While the fall of the Berlin Wall is positively commemorated in the West, the intervening years have shown that the former Soviet Bloc has a more complicated view of its legacy. In post-communist Eastern Europe, the way people remember state socialism is closely intertwined with the manner in which they envision historical justice. Twenty Years After Communism is concerned with the explosion of a politics of memory triggered by the fall of state socialism
in Eastern Europe, and it takes a comparative look at the ways that communism and its demise have been commemorated (or not commemorated) by major political actors across the region. The
book is built on three premises. The first is that political actors always strive to come to terms with the history of their communities in order to generate a sense of order in their personal and collective lives. Second, new leaders sometimes find it advantageous to mete out justice on the politicians of abolished regimes, and whether and how they do so depends heavily on their interpretation and assessment of the collective past. Finally, remembering the past, particularly collectively, is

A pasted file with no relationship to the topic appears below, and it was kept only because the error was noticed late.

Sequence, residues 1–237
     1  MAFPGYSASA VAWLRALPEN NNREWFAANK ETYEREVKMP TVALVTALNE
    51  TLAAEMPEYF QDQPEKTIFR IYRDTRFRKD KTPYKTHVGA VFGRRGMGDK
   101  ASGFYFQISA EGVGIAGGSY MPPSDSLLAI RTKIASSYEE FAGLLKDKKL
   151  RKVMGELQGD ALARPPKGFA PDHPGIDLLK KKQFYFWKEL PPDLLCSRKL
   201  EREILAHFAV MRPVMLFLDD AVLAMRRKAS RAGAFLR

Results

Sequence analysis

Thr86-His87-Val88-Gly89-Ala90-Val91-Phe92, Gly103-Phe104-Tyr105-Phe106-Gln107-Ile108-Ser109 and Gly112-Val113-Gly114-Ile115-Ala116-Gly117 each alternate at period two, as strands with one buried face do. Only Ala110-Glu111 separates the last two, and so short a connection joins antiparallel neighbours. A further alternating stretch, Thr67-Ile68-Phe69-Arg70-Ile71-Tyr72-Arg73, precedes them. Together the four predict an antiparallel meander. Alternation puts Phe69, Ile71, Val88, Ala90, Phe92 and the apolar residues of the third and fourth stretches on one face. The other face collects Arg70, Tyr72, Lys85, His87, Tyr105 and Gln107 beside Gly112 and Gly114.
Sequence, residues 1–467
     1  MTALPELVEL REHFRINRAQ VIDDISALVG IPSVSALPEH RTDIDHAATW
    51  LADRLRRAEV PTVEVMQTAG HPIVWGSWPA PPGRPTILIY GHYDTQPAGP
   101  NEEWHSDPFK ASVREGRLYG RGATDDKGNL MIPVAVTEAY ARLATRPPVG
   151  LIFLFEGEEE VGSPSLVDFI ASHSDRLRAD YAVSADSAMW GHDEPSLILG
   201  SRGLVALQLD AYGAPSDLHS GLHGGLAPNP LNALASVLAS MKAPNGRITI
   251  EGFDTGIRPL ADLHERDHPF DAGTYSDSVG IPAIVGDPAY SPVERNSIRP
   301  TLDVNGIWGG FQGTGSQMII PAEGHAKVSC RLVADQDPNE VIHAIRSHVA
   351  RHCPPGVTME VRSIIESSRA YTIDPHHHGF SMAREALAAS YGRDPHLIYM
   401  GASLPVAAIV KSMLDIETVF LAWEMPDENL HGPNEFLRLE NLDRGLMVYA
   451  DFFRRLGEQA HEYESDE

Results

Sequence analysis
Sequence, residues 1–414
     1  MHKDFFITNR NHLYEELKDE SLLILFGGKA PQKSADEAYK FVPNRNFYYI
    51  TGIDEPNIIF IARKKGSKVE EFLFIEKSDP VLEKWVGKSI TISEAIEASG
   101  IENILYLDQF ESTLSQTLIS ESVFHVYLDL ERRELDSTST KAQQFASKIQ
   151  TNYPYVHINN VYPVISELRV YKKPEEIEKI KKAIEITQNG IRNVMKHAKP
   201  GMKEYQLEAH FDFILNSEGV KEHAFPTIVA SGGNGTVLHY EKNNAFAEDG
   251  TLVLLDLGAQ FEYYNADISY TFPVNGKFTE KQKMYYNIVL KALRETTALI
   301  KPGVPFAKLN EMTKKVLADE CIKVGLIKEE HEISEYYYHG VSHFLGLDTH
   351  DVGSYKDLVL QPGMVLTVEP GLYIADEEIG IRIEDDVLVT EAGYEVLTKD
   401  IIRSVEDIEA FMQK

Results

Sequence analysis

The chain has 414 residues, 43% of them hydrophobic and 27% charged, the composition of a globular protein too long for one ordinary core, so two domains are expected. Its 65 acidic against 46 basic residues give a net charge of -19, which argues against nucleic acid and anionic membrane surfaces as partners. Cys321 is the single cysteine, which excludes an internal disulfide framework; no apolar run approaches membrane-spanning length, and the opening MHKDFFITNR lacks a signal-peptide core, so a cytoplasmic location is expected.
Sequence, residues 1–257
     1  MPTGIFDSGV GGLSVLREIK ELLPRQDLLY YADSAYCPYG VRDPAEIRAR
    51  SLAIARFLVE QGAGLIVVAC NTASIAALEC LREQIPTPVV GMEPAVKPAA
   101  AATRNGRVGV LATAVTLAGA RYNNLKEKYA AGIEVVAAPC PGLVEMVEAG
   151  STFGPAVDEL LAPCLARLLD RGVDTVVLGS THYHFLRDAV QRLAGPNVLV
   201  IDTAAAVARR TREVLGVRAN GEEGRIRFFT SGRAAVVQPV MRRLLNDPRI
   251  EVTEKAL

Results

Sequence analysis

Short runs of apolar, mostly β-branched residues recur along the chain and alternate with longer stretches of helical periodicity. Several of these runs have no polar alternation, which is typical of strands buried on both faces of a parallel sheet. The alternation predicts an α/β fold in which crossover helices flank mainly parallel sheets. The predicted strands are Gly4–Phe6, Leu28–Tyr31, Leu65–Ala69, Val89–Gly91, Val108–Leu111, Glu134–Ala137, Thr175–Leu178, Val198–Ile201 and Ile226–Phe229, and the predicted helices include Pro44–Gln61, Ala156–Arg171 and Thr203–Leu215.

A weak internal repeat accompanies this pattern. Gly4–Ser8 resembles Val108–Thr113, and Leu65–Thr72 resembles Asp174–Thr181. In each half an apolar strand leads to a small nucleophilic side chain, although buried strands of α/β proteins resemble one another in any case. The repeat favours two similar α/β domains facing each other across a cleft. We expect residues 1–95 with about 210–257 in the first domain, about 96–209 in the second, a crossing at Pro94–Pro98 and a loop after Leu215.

always a political process, thus the politics of memory and commemoration needs to be studied as an integral part of the establishment of new collective identities and new principles of political
legitimacy. Each chapter takes a detailed look at the commemorative ceremony of a different country of the former Soviet Bloc. Collectively the book looks at patterns of extrication from state socialism, patterns of ethnic and class conflict, the strategies of communist successor parties, and the cultural traditions of a given country that influence the way official collective memory is constructed.Twenty Years After Communism develops a new analytical and
explanatory framework that helps readers to understand the utility of historical memory as an important and understudied part of democratization.